By BRETT ARENDS
Mitt Romney's finances have caused him any number of political headaches. But here's what no one else will tell you: They probably didn't even save him any money. Why not? Because most of these elaborate financial vehicles just aren't worth it. They cost too much in fees.
I did the math while I was writing "The Romney Files". And the figures I came up with were eye-opening.
Romney's portfolio is valued at as much as $250 million. His money is held in a "blind trust," which means the portfolio is managed on his behalf without any direct oversight by Romney, so that he doesn't know from day to day what investments are being bought or sold. The idea is to insulate yourself against accusations of conflicts of interest. (President Obama doesn't currently have a blind trust; his campaign has said he doesn't need one, since he doesn't own any stocks, only Treasury bonds and diversified funds.)
Blind trusts do not come cheap. Romney's trust is overseen by a partner at one of the top law firms in Boston. A friend who works in Boston's white-shoe legal industry tells me that the legal and Wall Street fees for managing a portfolio through a blind trust typically start at around 1% of the assets a year. A portfolio as big as Romney's would get a discount, but even if Romney were only paying half a percent a year, that would come to about $1.3 million.
And this is only the beginning. A look through Romney's statement of personal financial disclosure shows that his portfolio includes dozens of specialized hedge funds and private equity partnerships.
The fees on these are, quite simply, astronomical. Romney knows that, because he used to be in the business.
I once calculated for MarketWatch that the typical hedge fund charges more than 3% of the assets per year. That's because they typically charge 1.5% to 2% of the assets each year, plus 20% of any profits. In the case of private equity, the cost is even higher. Private equity firms typically get extra fees related to managing or overseeing the companies in the portfolio, for arranging financing, and so on. Oxford University business professor Ludovic Phalippou, an expert in the industry, says overall the average historically has been close to 7% annually.
Romney's personal financial disclosures show that he has somewhere between $30 million and $100 million in these types of high-fee funds. If we assume his holdings fall right in the middle of that range, that would mean they are around $65 million. If he's paying just 3% on that money, that's another $2 million a year in fees. Combined with the 0.5% overall portfolio management fee, that would take him well over $3 million. And these estimates are conservative.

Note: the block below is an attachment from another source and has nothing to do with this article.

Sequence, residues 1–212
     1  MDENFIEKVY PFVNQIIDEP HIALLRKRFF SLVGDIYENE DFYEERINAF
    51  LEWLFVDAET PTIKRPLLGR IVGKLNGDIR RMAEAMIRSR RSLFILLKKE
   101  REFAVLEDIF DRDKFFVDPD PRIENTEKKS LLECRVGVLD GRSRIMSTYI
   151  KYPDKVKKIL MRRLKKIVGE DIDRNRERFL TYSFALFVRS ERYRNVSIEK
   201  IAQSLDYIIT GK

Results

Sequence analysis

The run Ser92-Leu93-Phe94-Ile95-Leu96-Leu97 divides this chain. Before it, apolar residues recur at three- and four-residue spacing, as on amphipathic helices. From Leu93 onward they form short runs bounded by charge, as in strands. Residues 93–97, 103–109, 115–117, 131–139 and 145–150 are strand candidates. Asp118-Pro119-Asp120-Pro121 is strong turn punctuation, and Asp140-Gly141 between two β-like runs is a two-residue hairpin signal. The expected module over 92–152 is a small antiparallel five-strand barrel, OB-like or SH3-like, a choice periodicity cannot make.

By contrast, Romney paid $3 million in taxes in 2010.
In other words, for all his sophisticated financial maneuvers, Mitt Romney is almost certainly paying more to his friends than he is paying to Uncle Sam. Don Williamson, executive director of the American University's Kogod Tax Center and a CPA with thirty years' experience, told me: "The fees for running the blind trust, for managing the portfolio, for the hedge funds and private equity, and for the accountants and the tax preparers all of those could easily exceed the $3 million."
The Romney campaign did not respond to requests for comment for this article. In previous conversations, however, the campaign declined to comment.
Romney could have saved himself a great deal of trouble, and money, by putting his money in a handful of low-cost funds. For example, the day after he was first elected governor of Massachusetts in November 2002, Romney could have invested in a portfolio of 60% Vanguard Global Equity fund, 20% Vanguard Inflation-Protected Securities, and 20% Vanguard Long-Term Treasury fund.
No trusts. No lawyers. No hassles.
His fees would have been less than 0.5% a year, and in a decade, just rebalancing once a quarter, he would have more than doubled his money. It would have made him look very smart, too. It's tough to lampoon someone as Thurston Howell III, no matter how rich he is, if he owns the same mutual funds as everybody else.